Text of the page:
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An analysis of cost-effectiveness using data from SOLOIST-WHF provides insight into the varying cost-effectiveness of the agent as a treatment for worsening heart failure.
Use of sotagliflozin was a cost-effective treatment for heart failure patients at commonly accepted willingness-to-pay thresholds, according to an analysis of phase 3 trial data.
Leveraging data from the SOLOIST-WHF trial, results of the study suggested use of sotagliflozin was associated with an increase in quality-adjusted life years (QALY) and an increase in life-years, with an incremental lifetime cost less than $30,000 and an incremental cost-effectiveness ratio (ICER) of $75,000 per QALY gained.1
“With the prevalence of heart failure rising at an ever-increasing rate and hospitalizations driving a significant majority of healthcare costs relating to heart failure, it is clear that we need to do more,” said Craig Granowitz, MD, MPH, Lexicon’s senior vice president and chief medical officer.2 “We are closer than ever to potentially providing an additional treatment option for heart failure patients transitioning out of the hospital and helping to reduce the financial and physical burdens of rehospitalizations.”
As it approaches a potential approval, sotagliflozin finds itself in a unique situation. Although its one-time bid as a type 1 diabetes agent was unsuccessful3, the SGLT1/2 inhibitor has found new life with Lexicon Pharmaceuticals as a potential therapy for people with worsening heart failure. Now, less than a month from its May 27, 2023 PDUFA date, the agent could be poised to join dapagliflozin and empagliflozin as the third SGLT2 inhibitor to receive an indication for heart failure.
Originally presented alongside the SCORED trial at the American Heart Association’s 2020 annual meeting, SOLOIST-WHF was a phase 3, double-blind, randomized, placebo-controlled trial and enrolled 1222 adult patients recently hospitalized for worsening heart failure. Although the trial was terminated prematurely due to funding during the COVID-19 pandemic, results of the study provided evidence of the benefit from the SGLT1/2 inhibitor on clinical outcomes in this patient population.
Designed with a primary composite endpoint of cardiovascular death, hospitalizations, and urgent visits for heart failure, results suggested use of sotagliflozin was associated with a lower incidence of primary events (51.0 vs 76.3 per 100 patient-years; Hazard ratio [HR], 0.67 [95% Confidence interval [CI], 0.52-0.85]; P < .001), lower rate of death from cardiovascular causes (10.6 vs 12.5; HR, 0.84 [95% CI, 0.58-1.22]), and lower rate of all-cause mortality (13.5 vs 16.3; HR, 0.82 [95% CI, 0.59-1.14]) relative to placebo therapy. Based on results, investigators determined the overall number needed to treat to prevent a primary outcome event was 4.4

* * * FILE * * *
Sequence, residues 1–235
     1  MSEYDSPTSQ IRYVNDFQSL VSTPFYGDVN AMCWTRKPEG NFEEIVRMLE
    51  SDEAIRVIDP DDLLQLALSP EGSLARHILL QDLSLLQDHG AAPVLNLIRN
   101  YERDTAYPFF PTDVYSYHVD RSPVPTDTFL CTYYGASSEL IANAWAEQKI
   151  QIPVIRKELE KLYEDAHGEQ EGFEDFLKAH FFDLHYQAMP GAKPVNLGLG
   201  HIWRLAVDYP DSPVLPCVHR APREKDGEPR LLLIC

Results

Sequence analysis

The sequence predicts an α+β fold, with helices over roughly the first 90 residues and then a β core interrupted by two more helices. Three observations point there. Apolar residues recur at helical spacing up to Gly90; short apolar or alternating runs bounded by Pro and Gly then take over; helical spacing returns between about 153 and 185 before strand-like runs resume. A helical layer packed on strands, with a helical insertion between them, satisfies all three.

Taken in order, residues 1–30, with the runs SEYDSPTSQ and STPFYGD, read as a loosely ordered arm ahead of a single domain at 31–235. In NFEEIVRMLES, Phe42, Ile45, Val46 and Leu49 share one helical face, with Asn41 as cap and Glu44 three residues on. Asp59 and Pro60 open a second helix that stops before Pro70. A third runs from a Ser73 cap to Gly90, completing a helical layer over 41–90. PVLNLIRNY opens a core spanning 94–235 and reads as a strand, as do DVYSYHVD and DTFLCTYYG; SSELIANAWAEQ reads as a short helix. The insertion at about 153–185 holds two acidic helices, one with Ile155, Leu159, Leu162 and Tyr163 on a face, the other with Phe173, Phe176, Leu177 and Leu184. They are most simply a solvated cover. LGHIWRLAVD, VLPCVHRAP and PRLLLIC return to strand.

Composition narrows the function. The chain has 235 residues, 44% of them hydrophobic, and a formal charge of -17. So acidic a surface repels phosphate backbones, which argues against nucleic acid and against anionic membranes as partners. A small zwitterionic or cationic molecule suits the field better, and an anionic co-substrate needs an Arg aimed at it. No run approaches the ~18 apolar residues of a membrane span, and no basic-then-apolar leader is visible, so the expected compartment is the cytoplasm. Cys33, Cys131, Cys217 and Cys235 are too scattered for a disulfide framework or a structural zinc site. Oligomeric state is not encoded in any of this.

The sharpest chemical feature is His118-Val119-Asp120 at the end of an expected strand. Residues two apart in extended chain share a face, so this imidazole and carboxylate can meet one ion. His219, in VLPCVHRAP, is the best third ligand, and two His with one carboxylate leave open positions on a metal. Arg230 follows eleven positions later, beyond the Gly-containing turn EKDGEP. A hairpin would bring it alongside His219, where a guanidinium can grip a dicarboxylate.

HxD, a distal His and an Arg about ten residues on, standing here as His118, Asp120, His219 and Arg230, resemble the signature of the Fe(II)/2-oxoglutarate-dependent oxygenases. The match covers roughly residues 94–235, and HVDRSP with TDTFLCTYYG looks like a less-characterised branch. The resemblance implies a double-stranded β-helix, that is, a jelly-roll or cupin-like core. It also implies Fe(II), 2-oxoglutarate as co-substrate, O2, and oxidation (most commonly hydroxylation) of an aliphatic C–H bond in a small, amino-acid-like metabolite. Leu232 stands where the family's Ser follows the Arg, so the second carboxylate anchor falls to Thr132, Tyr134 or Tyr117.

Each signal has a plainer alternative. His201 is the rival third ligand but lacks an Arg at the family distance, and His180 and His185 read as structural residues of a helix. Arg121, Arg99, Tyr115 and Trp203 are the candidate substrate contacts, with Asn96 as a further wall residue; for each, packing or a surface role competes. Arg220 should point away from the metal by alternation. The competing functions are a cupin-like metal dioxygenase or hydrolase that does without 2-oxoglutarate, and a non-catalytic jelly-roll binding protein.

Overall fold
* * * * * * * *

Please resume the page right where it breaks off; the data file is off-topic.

In the current study, Granowitz and investigators sought to perform an economic assessment of sotagliflozin use based on data from the SOLOIST-WHF trial. The specific intent of the investigatory team was to explore healthcare resource use, calculate in-trial life years gained and estimated QALY gained, and conduct lifetime cost-effectiveness analysis using a microsimulation model.1
Results of the analysis indicated the average in-trial costs were significantly greater for those in the sotagliflozin group than the placebo therapy group, but investigators pointed out this was driven by the cost of medication. During the 9-month follow-up period, patients in the sotagliflozin arm experienced a mean increase of 0.80 life-years and 0.51 QALYs compared to 0.77 and 0.49, respectively, among the placebo arm.1
Further analysis revealed use of sotagliflozin was associated with increases of 0.39 QALYs (4.43 vs. 4.04), 0.64 life-years (7.12 vs. 6.48) over the lifetime at an incremental lifetime cost of $29,449 (95% CI, 26,610-32,528), for an ICER of $75,510 per QALY gained, which investigators pointed out was less than the threshold of $1000,000 per QALY.1
“I think ultimately, the specific answer to your question will depend on the labeling of the drug. But I think the data from SOLOIST, and for that matter, SCORE really do support the use of sotagliflozin, and patients that have come in with acute decompensated heart failure and then been stabilized, but getting it on board relatively early and prior to their discharge,” said Deepak Bhatt, MD, MPH, principal investigator of SOLOIST-WHF and director of Mount Sinai Heart, when discussing the potential upcoming regulatory decision in an interview.